In an effort to address the problem, the OECD has prepared an Environmental Outlook that examines recent trends and develops future projections to 2020 for the main environmental facing OECD countries are now drawing up an Environmental Strategy based on these conclusions, which lays down concrete national actions to help tackle the most pressing problems they face. The Strategy will be presented to OECD environment ministers for adoption at a meeting in Paris on May 16, 2001.
The Environmental Strategy identifies key criteria for environmental sustainability and outlines the actions needed to reverse unsustainable trends in ecosystem degradation, focusing on biodiversity, the climate system and freshwater resources. To ensure that the regenerative and assimilative capacity of ecosystems is maintained, to avoid irreversible effects such as species loss, and to avoid economic problems related to the lack of renewable resources, the strategy calls on OECD countries to promise action to protect these resources. This includes integrating these concerns into physical planning activities, to avoid habitat loss and fragmentation from land use changes, as well as the development of markets to ensure the sustainable use of natural resources. OECD countries are also asked to support non-member countries in the protection of global biodiversity.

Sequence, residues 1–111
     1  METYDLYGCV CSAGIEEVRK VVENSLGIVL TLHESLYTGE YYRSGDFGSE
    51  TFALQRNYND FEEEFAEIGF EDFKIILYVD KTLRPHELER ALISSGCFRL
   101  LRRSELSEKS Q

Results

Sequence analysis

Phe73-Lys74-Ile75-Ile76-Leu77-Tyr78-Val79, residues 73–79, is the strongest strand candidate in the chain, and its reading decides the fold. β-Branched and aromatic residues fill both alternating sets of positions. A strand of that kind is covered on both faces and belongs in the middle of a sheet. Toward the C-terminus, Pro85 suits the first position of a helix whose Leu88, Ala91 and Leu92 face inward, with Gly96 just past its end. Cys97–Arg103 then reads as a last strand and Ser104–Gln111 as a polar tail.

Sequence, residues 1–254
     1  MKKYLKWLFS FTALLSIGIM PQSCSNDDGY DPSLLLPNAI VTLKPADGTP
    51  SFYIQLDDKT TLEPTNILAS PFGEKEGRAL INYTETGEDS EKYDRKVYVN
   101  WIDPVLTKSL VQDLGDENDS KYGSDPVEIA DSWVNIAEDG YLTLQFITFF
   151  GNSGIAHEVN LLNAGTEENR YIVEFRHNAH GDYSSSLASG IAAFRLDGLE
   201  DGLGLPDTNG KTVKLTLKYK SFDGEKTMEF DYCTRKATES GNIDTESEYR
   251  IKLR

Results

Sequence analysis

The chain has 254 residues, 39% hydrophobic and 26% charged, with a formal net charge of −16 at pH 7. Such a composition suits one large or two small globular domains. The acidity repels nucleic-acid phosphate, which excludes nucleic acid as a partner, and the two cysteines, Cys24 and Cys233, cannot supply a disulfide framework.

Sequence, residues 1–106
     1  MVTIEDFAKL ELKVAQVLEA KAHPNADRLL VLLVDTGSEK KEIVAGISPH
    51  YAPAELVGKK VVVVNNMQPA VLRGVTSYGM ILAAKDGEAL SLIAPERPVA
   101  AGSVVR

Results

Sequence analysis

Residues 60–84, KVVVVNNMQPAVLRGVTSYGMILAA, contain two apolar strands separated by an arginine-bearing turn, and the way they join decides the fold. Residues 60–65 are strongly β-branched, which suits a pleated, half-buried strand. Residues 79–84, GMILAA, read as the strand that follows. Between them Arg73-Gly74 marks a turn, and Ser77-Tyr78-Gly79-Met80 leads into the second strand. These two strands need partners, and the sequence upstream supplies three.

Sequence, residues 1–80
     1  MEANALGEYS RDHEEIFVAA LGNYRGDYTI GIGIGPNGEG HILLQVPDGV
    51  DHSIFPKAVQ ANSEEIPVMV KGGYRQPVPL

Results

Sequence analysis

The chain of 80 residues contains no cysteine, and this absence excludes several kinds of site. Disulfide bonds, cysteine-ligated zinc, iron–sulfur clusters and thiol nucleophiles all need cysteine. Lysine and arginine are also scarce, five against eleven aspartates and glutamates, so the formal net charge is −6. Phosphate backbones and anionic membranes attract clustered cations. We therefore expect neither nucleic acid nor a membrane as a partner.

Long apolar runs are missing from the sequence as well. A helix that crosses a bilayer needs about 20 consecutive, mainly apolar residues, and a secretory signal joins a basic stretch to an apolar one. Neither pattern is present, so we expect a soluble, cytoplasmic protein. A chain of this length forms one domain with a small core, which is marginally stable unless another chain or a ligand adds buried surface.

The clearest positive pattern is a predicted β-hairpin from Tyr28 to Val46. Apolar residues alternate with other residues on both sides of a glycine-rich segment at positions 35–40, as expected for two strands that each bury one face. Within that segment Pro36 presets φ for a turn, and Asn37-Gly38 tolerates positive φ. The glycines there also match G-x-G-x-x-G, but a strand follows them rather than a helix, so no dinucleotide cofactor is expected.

This includes developing fair and equitable arrangements for sharing any benefits from the use of genetic resources, and developing capacity and transferring technologies to support ecosystem conservation. OECD countries can also support more sustainable use of resources in other countries through their consumption choices, for example through reducing demand for tropical timber products.
At the political level, what is most urgently needed is to stabilise concentrations of greenhouse gases in the atmosphere at an acceptable level. In order to achieve the emission reductions necessary, OECD countries will need to change their energy consumption and transport patterns.